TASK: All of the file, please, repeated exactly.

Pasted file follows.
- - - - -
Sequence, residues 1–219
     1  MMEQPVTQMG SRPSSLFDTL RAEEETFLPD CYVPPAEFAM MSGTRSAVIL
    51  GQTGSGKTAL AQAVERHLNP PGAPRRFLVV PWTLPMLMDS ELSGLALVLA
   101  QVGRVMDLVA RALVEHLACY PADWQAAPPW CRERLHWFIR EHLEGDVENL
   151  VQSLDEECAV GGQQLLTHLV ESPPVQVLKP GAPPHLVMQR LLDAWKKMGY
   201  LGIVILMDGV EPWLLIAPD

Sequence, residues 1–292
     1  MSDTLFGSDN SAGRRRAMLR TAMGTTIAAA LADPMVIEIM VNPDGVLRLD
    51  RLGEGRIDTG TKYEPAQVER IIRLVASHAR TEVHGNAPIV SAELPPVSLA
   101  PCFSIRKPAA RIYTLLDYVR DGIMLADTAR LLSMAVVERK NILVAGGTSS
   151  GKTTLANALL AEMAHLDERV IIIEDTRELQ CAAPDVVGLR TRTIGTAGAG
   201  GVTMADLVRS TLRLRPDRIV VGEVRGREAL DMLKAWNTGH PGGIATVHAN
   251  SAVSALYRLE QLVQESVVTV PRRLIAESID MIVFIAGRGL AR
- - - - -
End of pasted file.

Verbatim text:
Sequence, residues 1–219
     1  MMEQPVTQMG SRPSSLFDTL RAEEETFLPD CYVPPAEFAM MSGTRSAVIL
    51  GQTGSGKTAL AQAVERHLNP PGAPRRFLVV PWTLPMLMDS ELSGLALVLA
   101  QVGRVMDLVA RALVEHLACY PADWQAAPPW CRERLHWFIR EHLEGDVENL
   151  VQSLDEECAV GGQQLLTHLV ESPPVQVLKP GAPPHLVMQR LLDAWKKMGY
   201  LGIVILMDGV EPWLLIAPD

Sequence, residues 1–292
     1  MSDTLFGSDN SAGRRRAMLR TAMGTTIAAA LADPMVIEIM VNPDGVLRLD
    51  RLGEGRIDTG TKYEPAQVER IIRLVASHAR TEVHGNAPIV SAELPPVSLA
   101  PCFSIRKPAA RIYTLLDYVR DGIMLADTAR LLSMAVVERK NILVAGGTSS
   151  GKTTLANALL AEMAHLDERV IIIEDTRELQ CAAPDVVGLR TRTIGTAGAG
   201  GVTMADLVRS TLRLRPDRIV VGEVRGREAL DMLKAWNTGH PGGIATVHAN
   251  SAVSALYRLE QLVQESVVTV PRRLIAESID MIVFIAGRGL AR